Direct Answers – Irreconcilable Differences


I don’t know where to start. I’m meant to be getting married in six days. My fiancé and I have been together three years, and in that time we’ve only had sex twice. Yes, twice. Despite this, he cheated on me a year ago. He says it was a moment of madness and he gets a mental block when it comes to having sex with me.

He’s also the most unaffectionate person I’ve met in my life. Other than that we get on well. We like most of the same things. We have a beautiful house, good jobs and lots of friends and family.

Yet I am utterly miserable. The wedding is six days away, everything is paid for, everyone is buzzing about. I couldn’t care less. I tried to call it off a couple of times, but rather than being understanding, my partner just said, “Make up your mind.”

I understand where he is coming from, but all I wanted was his blessing to postpone it, which I obviously don’t have. I had my hen party, plastering on a fake smile, pretending everything is fine, but in reality I feel panic and dread.

In a moment of madness I ran away for two days, telling everyone I was at my mother’s and it was a planned trip. In reality I was with a male friend. We ended up making love the entire two days. That was the end of it. What happened there stays there.

Now I feel I’m the worst person in the world. I am disappointed in myself for cheating. At the same time I’m happy someone wanted my body as well as my personality.

The lack of affection has killed me inside. This wedding is the last thing on earth I want, but I’m scared of the reaction from his family, my family and our friends. They think we are blissfully happy.

~ Audrey

Audrey, the third parties involved—the party-goers, the families, the friends—don’t matter. They are not a reason to go through with the wedding.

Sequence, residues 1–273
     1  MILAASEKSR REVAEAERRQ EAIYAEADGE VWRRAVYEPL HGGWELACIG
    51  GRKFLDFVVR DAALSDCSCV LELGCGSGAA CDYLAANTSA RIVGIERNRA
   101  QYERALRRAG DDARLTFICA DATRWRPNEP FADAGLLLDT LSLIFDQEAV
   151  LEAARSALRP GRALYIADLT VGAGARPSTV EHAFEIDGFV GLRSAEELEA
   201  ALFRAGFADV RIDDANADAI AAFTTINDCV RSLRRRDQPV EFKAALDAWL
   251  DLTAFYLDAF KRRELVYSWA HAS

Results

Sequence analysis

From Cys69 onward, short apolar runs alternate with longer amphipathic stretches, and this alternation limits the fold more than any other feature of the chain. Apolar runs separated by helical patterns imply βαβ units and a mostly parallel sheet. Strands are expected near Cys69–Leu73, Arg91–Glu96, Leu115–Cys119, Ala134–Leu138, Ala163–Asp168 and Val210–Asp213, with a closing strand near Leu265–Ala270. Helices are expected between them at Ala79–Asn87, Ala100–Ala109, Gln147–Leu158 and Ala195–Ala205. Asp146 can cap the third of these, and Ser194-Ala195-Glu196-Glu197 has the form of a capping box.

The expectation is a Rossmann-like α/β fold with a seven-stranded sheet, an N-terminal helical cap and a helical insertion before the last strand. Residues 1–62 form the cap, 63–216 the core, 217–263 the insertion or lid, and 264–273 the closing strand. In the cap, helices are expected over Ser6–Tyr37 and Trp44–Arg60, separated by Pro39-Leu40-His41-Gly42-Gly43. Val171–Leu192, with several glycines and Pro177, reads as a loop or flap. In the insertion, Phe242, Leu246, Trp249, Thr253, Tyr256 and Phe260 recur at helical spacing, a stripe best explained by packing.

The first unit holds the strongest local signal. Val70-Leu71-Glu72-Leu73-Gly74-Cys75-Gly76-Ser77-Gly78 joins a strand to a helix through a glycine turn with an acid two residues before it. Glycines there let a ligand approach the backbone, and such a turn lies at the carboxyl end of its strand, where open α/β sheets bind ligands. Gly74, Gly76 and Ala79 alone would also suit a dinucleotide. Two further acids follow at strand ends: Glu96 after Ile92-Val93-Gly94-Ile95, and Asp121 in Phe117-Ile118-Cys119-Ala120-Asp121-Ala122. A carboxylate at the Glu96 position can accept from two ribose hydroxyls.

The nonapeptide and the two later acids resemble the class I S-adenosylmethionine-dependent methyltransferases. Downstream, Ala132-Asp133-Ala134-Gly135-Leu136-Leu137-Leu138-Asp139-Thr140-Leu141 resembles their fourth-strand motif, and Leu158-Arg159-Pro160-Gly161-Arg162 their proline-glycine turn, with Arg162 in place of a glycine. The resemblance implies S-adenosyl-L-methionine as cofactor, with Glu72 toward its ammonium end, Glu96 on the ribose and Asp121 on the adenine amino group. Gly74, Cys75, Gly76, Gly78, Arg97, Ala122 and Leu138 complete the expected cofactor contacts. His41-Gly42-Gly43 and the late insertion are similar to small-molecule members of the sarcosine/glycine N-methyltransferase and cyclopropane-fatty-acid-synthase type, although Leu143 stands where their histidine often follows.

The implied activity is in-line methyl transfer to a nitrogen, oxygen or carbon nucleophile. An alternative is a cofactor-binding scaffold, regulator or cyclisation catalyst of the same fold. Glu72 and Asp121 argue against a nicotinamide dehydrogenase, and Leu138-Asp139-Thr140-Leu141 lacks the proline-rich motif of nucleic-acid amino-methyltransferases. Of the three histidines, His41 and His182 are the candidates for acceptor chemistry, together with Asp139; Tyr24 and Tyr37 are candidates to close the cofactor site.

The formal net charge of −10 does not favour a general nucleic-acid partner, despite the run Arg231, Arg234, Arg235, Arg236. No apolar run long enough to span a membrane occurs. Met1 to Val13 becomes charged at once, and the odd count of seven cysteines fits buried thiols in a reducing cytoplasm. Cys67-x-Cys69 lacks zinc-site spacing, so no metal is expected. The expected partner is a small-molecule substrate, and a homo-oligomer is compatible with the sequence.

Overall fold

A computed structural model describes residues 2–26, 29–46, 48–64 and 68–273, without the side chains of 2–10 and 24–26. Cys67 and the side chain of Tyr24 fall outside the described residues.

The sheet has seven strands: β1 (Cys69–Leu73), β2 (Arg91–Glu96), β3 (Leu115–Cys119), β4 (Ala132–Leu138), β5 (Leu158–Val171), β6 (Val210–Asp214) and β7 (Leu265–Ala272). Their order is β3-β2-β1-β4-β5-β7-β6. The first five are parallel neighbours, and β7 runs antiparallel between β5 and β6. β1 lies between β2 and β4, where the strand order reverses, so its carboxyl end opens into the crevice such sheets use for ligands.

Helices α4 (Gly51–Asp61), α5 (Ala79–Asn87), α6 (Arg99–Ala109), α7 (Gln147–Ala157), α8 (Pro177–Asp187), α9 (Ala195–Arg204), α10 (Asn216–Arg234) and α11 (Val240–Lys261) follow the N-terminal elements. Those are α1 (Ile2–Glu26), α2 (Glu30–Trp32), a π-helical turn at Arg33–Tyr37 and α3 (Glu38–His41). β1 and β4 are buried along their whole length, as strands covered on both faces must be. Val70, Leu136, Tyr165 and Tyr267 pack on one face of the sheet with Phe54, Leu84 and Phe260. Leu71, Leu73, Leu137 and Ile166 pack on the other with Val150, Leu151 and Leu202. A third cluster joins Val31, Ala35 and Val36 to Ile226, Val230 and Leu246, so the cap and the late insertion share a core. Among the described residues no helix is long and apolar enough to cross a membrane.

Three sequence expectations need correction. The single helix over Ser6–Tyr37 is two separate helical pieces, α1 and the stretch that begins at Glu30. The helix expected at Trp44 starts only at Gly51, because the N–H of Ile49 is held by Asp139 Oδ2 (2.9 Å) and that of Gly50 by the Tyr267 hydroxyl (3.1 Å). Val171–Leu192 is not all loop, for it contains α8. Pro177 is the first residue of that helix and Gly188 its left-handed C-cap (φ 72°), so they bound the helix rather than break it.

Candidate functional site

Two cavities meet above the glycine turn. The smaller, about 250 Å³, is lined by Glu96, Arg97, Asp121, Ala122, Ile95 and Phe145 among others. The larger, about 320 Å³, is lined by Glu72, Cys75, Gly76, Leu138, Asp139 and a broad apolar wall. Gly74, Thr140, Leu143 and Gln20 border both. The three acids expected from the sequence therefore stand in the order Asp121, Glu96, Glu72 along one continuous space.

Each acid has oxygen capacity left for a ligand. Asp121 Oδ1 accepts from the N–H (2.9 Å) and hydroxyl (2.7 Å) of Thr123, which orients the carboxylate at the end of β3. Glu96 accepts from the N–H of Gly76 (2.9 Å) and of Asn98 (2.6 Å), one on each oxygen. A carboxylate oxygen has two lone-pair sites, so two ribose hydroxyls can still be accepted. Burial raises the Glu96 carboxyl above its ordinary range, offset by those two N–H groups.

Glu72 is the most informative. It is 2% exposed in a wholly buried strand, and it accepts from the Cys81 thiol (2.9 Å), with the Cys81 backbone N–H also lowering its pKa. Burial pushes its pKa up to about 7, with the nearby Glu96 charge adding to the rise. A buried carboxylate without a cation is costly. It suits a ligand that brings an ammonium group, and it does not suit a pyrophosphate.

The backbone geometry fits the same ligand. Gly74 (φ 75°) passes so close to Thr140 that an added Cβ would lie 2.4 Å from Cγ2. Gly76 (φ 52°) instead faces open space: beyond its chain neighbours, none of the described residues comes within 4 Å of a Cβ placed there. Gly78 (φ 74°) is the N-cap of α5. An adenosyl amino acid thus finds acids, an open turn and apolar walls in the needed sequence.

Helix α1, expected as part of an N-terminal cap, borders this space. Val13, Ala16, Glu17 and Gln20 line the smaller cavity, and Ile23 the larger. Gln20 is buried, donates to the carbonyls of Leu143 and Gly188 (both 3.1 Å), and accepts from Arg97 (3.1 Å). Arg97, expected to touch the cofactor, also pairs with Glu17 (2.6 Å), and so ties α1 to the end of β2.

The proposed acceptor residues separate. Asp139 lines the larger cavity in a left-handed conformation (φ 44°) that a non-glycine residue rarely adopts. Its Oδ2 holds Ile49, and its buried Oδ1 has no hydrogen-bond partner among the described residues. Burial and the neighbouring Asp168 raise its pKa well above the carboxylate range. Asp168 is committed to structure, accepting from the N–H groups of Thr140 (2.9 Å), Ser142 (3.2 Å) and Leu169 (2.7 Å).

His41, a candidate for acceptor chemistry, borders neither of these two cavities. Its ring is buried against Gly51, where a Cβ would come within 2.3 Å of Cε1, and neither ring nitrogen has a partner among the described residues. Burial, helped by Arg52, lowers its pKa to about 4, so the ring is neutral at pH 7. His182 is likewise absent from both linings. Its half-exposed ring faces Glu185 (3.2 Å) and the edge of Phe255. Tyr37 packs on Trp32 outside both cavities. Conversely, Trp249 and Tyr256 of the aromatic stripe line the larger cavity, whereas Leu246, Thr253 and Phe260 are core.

Yet in a way, they do matter. No one who cares about you would advise anything but, Call off the wedding. There is an ocean of privacy in a relationship, but the issue here isn’t privacy. It is concealment. You concealed that there is no healthy amount of affection between the two of you.

If you marry against the advice of everyone who cares about you, you will go against your own direct knowledge and your whole emotional structure. This wedding is so alien to what you crave, you thought only the humiliation of cancelling at the eleventh hour could make you stomach a ceremony. But even your stomach rebels.

You are the only one with a clear head, and the knowledge, to stop this. So now you have to decide how to do it.

Collect the few nearest and dearest to you. The people you trust the most. Tell them the truth. Label it. Own it. End it.

Ask them, what do I need to do to stop the wedding? Decide on an explanation such as, I got cold feet or I changed my mind.

The people closest to you will be upset only if they think you have a normal relationship. Knowing the truth, they will be on your side.

Marriage requires a high element of romantic love. When the affection is overwhelming, people marry. Marriage isn’t for two people who have everything but love. You can’t say you love a man who shows you no affection. You can’t say you love him unless you mean as a brother, as a friend or as you love all mankind.

You need to end this relationship to get healthy. People can’t live a lie. They think they can, but they can’t. When you do eventually find love and get married, it will be the best day of your life.

~ Wayne & Tamara

Column for the week of August 18, 2014

Send letters to: [email protected] , or Direct Answers, PO Box 964, Springfield MO 65801.


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